Over the past 30 years, the solar industry has made a number of false starts, and the underlying photovoltaics (PV) technology has gained a reputation for being impractical without government subsidies. However, recent advances and conditions are converging to create what this time promises to be a sustainable market. That was the message delivered by photovoltaics industry veteran, SunPower president and CTO Richard Swanson, who spoke at The ConFab event, a three-day meeting of leading semiconductor manufacturers and suppliers, sponsored by Solid State Technology and our parent company PennWell. Swanson offered an update on the solar industry and argued that PV technology represents a major new opportunity for semiconductor suppliers and manufacturers.
The early years of the solar industry, from about 1975 to 1985, were characterized by the rapid growth of small start-up companies, thanks in part to technological advances achieved by a Department of Energy PV research program. But during the next ten years, the industry suffered massive losses, as government-funded R&D stalled and start-ups were acquired by large oil companies, who used the acquisitions largely as “green veneer” and offered little in the way of R&D support.
For the past ten years, however, after the entry into the market by Japanese companies, particularly Sharp, the industry has adopted a true manufacturing mentality and has made impressive strides. The efficiency of PV cells has climbed from about 14% to as much as 20%; the global solar power capacity is now increasing at a rate of 2GW per year; costs have dropped to less than 20 cents per kilowatt; and industry revenues have been averaging a CAGR greater than 40%.
While these successes have established PV as a serious market, visions of what’s on the horizon for the industry are likely even more responsible for attracting a recent influx of capital investment. Indeed, at a recent Industry Strategy Symposium, hosted by SEMI, Alexander Wong, head of venture capital at D.E. Shaw & Co., offered an optimistic outlook for the industry from the investment community’s perspective. The most dramatic statistic he cited is that in less than 35 years, the solar industry is expected to be bigger than the oil industry, as traditional fossil fuels will not be able to meet future energy demands. In fact, estimates are that the world will consume more energy in the next 60 years than in all prior recorded history. Against this backdrop, PV revenues are projected to grow from $10 billion to more than $50 billion over the next five years, and of all the new power-generation systems that will be installed during the next 10 years, PV’s share will grow from 1% to 18%.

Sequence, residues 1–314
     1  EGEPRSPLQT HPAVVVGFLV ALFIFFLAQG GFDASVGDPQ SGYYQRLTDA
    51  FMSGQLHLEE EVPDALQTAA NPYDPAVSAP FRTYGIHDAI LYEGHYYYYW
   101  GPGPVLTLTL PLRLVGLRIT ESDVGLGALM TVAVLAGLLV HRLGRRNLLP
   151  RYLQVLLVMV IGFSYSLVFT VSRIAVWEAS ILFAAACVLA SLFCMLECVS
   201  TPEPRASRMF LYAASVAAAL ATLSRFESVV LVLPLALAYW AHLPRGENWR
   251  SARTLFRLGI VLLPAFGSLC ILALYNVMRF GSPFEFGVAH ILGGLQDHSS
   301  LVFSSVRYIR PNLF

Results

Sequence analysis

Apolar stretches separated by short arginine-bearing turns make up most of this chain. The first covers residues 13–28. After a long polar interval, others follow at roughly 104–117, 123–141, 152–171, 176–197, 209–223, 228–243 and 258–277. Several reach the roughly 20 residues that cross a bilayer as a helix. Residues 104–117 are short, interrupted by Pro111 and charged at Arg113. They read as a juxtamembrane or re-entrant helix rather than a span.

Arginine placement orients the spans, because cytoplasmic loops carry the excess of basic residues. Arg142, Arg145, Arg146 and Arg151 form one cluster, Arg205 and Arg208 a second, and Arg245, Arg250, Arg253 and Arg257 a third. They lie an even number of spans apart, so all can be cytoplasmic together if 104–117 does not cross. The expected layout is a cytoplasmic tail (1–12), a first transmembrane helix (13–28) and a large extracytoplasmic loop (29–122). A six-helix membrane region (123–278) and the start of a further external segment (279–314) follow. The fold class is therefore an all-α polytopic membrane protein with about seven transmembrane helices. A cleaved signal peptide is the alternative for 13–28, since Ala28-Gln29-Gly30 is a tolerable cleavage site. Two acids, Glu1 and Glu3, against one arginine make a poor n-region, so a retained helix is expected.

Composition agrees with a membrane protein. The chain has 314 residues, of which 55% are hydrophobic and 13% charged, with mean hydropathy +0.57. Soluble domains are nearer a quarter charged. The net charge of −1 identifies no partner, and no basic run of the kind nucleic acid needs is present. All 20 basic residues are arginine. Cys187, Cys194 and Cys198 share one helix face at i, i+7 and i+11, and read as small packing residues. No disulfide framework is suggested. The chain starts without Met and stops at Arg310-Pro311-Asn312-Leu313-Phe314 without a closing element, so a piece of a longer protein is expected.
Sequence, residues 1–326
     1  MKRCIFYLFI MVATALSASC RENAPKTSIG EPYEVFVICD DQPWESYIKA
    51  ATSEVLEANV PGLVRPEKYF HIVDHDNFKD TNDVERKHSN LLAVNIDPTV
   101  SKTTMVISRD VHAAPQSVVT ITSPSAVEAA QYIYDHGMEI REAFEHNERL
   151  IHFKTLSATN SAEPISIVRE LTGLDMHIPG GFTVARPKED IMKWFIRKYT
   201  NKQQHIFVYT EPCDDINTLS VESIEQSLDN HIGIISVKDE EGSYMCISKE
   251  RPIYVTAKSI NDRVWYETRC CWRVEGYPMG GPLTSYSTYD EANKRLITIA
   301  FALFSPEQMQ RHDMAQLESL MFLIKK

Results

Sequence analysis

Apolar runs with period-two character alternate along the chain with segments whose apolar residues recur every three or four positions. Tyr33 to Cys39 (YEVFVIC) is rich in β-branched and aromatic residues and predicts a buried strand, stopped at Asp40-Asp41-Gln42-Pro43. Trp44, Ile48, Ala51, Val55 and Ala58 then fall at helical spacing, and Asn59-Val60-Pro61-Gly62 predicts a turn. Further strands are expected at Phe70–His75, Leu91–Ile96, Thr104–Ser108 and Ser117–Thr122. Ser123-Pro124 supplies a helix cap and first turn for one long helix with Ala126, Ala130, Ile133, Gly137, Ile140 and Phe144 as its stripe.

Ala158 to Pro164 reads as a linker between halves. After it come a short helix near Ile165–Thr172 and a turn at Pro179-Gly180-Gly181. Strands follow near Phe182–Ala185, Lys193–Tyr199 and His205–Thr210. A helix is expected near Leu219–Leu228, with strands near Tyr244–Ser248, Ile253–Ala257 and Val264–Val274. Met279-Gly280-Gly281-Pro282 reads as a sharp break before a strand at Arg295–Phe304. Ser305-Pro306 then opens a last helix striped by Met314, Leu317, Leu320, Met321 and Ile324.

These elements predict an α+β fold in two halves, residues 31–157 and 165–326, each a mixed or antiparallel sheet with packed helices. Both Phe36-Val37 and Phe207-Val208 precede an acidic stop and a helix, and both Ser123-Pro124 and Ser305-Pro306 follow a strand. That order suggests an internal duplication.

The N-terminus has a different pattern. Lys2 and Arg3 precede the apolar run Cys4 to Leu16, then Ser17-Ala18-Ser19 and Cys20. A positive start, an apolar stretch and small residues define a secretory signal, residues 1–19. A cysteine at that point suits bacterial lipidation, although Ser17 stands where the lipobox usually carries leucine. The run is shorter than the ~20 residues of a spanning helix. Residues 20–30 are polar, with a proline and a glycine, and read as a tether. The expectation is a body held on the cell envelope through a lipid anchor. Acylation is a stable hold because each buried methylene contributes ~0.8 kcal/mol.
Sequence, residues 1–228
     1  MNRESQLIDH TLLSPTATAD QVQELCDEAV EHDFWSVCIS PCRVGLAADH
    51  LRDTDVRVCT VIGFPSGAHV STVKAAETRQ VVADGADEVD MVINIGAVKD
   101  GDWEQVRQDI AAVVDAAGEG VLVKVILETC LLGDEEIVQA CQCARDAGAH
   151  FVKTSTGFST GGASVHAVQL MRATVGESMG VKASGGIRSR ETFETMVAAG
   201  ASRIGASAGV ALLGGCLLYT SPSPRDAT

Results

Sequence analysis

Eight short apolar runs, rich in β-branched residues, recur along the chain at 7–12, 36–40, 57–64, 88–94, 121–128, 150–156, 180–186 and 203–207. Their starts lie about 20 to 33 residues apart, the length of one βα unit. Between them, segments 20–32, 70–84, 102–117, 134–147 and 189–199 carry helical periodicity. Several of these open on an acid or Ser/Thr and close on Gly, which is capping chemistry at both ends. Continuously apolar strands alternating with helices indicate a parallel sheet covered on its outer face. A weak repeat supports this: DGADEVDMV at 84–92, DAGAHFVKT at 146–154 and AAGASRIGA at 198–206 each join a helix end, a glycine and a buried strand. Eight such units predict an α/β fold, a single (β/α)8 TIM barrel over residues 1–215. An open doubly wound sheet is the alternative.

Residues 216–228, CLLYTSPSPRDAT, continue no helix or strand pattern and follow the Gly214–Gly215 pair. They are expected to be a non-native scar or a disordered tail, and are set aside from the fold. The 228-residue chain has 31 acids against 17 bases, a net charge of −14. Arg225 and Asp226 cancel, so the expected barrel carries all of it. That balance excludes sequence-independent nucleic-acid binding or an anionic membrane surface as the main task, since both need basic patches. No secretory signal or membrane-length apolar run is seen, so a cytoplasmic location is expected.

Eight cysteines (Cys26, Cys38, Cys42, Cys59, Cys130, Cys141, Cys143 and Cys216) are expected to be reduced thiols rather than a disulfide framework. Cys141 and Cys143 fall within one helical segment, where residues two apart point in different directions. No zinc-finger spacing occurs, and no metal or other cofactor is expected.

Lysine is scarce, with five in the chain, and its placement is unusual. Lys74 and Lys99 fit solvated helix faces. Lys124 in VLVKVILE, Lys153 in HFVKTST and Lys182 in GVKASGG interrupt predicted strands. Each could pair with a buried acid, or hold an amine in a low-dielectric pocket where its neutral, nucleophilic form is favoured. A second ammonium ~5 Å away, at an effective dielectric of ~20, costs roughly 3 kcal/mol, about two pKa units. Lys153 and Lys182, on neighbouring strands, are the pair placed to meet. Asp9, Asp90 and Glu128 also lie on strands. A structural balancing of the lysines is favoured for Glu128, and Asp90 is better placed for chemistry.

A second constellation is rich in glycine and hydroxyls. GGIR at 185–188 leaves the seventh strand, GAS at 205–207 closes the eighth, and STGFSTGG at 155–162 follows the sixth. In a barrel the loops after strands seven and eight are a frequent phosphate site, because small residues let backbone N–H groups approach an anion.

This growth is creating significant opportunities for semiconductor equipment suppliers, which is not surprising, given that PV manufacturing is similar to chipmaking in terms of wafer processing, diffusion, oxidation, metallization, and other operations. But the differences are that the PV industry requires much higher volumes and larger areas, yet with much lower tolerances and defect requirements. So as the demand for equipment optimized to meet these new parameters grows, the PV tool market is expected to expand from about $1 billion in 2010 to about $10 billion by 2020.
Another opportunity is in materials, particularly for polysilicon, which is currently in short supply. According to SEMI figures, of the 26,000 metric tons of polysilicon produced in 2005, some one third of that was consumed by the solar industry, whose use has been growing 30% a year. This increased demand has created a steep rise in pricing from $24 per kg in 2003 to $36 per kg in 2005. Because silicon represents roughly 30% of solar cell cost, any drop in pricing can make a big difference.
Finding synergies between the PV and IC industries will also be needed. In fact, Swanson is looking to exploit the IC manufacturing expertise of SunPower’s parent, Cypress Semiconductor, to further reduce costs and improve performance in next-generation PV technology. As a result, he estimates that PV manufacturing costs will drop from current levels of about $2 per watt to $1 per watt by 2012. “That is the tipping point at which PV can be widely used without any sort of incentive and at which it will be a very attractive business,” he said.
In the meantime, the PV market is already big enough to warrant interest and is positioned to continue growing for a long period at a very high rate. By applying their skills, semiconductor suppliers and manufacturers not only stand to benefit by expanding their markets, but can also play a major role in moving this key renewable energy market forward.